Have children lost out on the joy of owning real objects – or is virtual a virtue?
The digital revolution means instant access to music, games and videos
While the trend today is to slap on a pair of 3D glasses and peer into the future, some people prefer to put on specs of the rose-tinted variety and look back with a fond smile. Every generation, as it ages, has a yearning to turn back the clock and return to simpler times. You may find it hard to let go. Or you may like to reminisce in a shared moment over a glass of wine. Perhaps you actively attempt to keep things exactly as they used to be in the belief that life was infinitely better back in the day. Nostalgia, it has to be said, comes in a variety of flavours.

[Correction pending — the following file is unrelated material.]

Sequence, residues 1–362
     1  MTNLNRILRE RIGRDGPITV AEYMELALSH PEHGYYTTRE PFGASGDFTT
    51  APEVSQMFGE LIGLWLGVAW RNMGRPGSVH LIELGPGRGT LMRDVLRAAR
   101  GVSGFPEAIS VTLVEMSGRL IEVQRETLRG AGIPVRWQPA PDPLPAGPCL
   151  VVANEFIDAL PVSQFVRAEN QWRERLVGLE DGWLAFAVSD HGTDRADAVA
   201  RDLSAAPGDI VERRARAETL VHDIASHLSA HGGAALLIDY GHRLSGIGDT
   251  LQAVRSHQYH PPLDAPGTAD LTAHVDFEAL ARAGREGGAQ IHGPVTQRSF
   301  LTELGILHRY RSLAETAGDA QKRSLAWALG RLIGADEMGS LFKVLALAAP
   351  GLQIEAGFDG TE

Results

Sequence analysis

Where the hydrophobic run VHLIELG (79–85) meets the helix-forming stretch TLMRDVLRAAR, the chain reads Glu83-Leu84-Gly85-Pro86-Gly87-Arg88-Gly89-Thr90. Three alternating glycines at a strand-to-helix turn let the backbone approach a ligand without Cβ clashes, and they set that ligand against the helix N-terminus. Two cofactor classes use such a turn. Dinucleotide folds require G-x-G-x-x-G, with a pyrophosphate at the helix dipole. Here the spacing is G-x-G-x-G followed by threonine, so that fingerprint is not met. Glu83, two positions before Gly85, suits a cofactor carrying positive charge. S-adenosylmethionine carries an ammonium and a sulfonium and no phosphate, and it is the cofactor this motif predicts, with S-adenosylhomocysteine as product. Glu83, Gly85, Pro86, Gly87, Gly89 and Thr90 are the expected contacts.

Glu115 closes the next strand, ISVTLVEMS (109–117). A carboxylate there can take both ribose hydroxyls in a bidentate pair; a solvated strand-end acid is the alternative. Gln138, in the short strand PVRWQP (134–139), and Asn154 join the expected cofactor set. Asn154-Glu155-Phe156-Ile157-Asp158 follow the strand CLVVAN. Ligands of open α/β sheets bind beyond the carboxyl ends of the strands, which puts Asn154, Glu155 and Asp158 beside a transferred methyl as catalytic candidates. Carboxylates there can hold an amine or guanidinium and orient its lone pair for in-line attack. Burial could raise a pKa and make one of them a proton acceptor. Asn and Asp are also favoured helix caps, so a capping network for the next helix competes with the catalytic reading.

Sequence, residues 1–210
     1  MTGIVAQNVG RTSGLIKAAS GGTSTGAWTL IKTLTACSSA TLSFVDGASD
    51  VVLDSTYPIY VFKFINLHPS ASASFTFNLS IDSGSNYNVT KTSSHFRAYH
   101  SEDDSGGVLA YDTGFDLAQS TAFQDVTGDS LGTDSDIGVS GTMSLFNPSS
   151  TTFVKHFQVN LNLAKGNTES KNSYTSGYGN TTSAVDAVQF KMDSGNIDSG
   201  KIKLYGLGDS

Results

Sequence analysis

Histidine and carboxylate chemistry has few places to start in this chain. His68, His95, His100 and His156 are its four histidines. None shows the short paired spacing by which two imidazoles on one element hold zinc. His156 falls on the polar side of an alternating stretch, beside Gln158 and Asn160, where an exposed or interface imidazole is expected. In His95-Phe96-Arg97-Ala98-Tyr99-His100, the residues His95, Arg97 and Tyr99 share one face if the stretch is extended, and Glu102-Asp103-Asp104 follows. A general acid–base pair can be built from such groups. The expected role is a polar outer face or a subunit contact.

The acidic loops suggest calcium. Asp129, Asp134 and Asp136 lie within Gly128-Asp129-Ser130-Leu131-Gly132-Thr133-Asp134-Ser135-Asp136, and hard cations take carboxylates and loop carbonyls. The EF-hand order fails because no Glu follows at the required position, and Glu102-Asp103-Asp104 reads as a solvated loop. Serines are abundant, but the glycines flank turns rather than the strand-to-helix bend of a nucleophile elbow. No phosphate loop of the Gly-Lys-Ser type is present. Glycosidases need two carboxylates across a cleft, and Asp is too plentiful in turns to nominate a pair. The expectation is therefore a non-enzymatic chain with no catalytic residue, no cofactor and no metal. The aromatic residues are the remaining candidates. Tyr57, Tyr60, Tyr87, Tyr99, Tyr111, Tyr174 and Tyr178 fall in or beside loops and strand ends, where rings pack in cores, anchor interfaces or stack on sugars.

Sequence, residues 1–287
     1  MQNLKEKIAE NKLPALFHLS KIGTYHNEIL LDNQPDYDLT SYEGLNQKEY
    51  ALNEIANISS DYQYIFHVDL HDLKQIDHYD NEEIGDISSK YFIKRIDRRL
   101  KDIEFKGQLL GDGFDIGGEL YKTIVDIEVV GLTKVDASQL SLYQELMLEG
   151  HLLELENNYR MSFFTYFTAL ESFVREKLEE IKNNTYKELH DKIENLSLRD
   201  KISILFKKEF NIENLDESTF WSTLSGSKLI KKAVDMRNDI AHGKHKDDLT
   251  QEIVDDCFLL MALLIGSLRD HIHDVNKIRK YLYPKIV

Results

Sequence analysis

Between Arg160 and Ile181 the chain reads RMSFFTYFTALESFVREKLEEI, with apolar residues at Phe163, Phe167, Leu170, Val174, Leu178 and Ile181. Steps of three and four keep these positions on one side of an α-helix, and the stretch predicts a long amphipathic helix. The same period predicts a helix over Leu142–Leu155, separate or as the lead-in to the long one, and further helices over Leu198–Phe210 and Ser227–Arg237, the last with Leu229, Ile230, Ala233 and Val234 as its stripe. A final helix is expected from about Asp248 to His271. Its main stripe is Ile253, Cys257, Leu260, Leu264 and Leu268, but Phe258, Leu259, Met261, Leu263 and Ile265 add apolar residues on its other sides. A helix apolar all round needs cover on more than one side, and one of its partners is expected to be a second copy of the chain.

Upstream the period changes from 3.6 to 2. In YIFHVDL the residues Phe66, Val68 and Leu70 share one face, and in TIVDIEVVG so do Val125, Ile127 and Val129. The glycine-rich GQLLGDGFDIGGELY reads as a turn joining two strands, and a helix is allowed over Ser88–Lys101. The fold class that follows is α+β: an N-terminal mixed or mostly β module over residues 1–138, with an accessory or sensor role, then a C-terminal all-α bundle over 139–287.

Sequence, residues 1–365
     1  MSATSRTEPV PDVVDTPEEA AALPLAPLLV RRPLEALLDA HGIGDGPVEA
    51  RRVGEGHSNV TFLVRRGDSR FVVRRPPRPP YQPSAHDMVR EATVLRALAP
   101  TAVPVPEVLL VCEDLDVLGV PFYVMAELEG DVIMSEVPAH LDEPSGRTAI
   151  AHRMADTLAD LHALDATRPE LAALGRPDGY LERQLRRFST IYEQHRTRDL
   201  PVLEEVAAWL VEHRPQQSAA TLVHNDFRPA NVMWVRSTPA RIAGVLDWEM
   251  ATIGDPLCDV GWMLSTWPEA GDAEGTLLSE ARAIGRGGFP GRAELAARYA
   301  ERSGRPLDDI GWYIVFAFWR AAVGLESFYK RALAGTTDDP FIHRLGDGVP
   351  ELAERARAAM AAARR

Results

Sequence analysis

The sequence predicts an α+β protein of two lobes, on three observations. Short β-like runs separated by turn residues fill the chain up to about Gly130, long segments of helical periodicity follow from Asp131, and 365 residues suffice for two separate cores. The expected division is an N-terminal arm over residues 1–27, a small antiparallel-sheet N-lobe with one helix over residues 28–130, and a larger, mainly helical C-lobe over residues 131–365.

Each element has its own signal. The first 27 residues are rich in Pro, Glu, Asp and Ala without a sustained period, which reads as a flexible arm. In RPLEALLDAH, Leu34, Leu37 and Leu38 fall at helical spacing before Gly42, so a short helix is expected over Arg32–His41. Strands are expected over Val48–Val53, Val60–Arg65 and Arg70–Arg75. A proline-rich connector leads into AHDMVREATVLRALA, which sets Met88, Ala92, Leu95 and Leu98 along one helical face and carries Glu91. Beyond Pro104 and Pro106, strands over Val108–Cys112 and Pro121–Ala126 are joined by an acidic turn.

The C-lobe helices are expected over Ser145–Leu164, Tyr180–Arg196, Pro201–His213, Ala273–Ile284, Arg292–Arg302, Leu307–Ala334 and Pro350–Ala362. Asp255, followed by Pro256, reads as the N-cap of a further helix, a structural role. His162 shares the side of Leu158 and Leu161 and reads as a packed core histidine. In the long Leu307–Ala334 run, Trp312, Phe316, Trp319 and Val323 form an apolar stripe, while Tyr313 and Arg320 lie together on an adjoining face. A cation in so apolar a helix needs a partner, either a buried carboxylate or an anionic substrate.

But no matter how you view the past, if a shared element of a generation's childhood comes to an end, then it's bound to get the conversation started. Let's say The Beano – that constant in children's lives for 72 years – announced it was closing its fan club to new members. How would you feel? Angry? Sad? A sense of loss, maybe?
Well, many who have heard that publisher DC Thomson has, indeed, shut what was once known as the Dennis the Menace Fan Club have been whipping out their hankies and telling tales of how they saved for their postal orders and the joy they felt when receiving their gift in the mail up to 28 days later.
Set up in 1976, the club paid homage to The Beano's spiky-haired comic hero. For a one-off payment of 75p, members received a cute package stuffed into a black plastic wallet that consisted of a newsletter, membership card, a secret password, and two badges, most notably the hairy Gnasher one with the googly eyes.
Over time, it came to be known as the Beano Club and the price rocketed to £12.99 a year. But now, it has been replaced with a website, which means, in the future, there will be no more small packages being pushed through the letter box, and for many, it's an indication of just how far the virtual space is replacing physical objects.